Results of the Governance Capacity Analysis of the city of Amsterdam for 27 indicators. The scores are ranked clockwise from low to high. Scores range from very encouraging (++) to very limiting (–), with regard to the governance capacity required to find dynamic solutions to address the identified governance challenges.

Comprehending spatial planning processes

KWR offers expertise beyond the diagnosis of capacity-development priorities. In particular, this includes the key area of comprehensive spatial planning, which aims at enhancing effective cross-stakeholder collaboration and improving water management capacity. Although spatial planning processes are becoming more and more important in the water sector, there are still very few guidelines available to help organisations to structure their actions. The objectives, roles, ambitions and visions of different stakeholders have to be taken into consideration. The same applies to decisions on whether to broaden or perhaps narrow a collaboration. The question is how to bring about effective collaborations in planning processes. For their strategic positioning, KWR helps water-related organisations select effective forms of collaboration, including their own role. A framework developed by KWR offers a solution. It presents several possible courses of action for various aspects of stakeholder management, allowing different stakeholders to reflect on the implications of the options for their organisations. This helps them give shape to their activities in this field.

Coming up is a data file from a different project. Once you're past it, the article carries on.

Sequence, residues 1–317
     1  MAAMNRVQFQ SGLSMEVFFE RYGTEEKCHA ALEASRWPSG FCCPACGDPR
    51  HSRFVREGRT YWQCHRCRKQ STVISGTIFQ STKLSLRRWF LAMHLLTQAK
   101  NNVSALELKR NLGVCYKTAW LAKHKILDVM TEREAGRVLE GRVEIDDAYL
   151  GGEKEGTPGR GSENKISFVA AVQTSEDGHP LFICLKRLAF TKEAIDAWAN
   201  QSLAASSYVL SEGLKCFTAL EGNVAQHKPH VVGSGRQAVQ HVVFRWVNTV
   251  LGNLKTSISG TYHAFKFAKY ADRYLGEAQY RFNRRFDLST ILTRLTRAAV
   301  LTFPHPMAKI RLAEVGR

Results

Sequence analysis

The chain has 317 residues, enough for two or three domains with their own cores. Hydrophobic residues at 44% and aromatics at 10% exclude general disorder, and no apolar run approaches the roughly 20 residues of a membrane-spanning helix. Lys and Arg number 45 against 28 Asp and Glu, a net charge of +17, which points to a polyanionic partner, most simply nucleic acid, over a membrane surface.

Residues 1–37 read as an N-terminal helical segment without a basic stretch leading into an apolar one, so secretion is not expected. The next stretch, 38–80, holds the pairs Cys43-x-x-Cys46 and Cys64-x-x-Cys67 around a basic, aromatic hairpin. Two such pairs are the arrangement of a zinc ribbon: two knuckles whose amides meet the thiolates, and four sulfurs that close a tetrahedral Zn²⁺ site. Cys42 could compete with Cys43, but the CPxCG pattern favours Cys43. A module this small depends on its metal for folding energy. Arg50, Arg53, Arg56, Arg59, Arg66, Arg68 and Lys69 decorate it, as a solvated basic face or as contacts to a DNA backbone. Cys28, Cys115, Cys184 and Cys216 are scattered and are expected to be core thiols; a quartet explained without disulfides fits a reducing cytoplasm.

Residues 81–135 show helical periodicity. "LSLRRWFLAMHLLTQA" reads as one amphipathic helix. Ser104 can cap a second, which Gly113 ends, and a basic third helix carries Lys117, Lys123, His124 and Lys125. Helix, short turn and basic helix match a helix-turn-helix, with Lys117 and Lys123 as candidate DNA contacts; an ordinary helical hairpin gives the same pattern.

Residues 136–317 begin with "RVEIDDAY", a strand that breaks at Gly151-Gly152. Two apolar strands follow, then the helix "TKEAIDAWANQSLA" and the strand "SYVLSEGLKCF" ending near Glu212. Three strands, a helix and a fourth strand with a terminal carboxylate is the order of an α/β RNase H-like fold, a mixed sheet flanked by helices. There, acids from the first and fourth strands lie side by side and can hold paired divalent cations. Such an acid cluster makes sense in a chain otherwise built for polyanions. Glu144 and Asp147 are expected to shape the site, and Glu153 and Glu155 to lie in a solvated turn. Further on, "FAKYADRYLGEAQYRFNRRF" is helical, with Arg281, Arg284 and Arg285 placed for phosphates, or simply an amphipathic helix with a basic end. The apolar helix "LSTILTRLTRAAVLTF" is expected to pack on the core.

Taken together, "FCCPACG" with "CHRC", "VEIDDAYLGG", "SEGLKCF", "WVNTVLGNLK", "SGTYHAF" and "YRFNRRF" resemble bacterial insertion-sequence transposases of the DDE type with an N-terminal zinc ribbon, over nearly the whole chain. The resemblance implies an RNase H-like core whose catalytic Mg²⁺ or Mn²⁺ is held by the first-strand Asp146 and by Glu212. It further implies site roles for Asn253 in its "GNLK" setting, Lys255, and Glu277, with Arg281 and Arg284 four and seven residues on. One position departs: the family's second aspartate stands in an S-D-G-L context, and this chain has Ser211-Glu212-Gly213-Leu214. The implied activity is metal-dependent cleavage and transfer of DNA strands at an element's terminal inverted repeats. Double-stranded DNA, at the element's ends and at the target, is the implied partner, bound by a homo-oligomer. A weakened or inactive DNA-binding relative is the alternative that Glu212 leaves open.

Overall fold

Water in the circular economy: multiple-value creation

In order to effectively address the challenges of water and resource scarcity under climate change, the principles underlying the circular economy and multiple-value creation across different sectors and services are becoming essential. Multiple-value creation is a new way of working. It is a new collaborative ability, strategy, philosophy and another way of dealing with value creation. In order to capture circular value, it is important to consider the entire value chain. Over the last two decades, business and government have focused increasingly on economic growth, shareholder value and profit maximization. In public organisations we have seen a tendency to specialize and narrow the focus to a specific set of (measurable) tasks, while concentrating on cost efficiency. This is challenging as these entities are often dealing with complex issues, such as climate change, the energy transition and environmental degradation. These require a coordinated approach to explore win-win’s at local or regional level. Often, the main obstacles are the governance gaps as described by the Organisation for Economic Co-operation and Development (see below). These gaps may have an impact on the cooperation between stakeholders with diverging needs, when it comes to achieving flexible and adaptive future planning. The research into multiple-value creation aims to provide knowledge on different value systems, how to measure, assess and report value creation, and how to exchange value within a network of cooperation.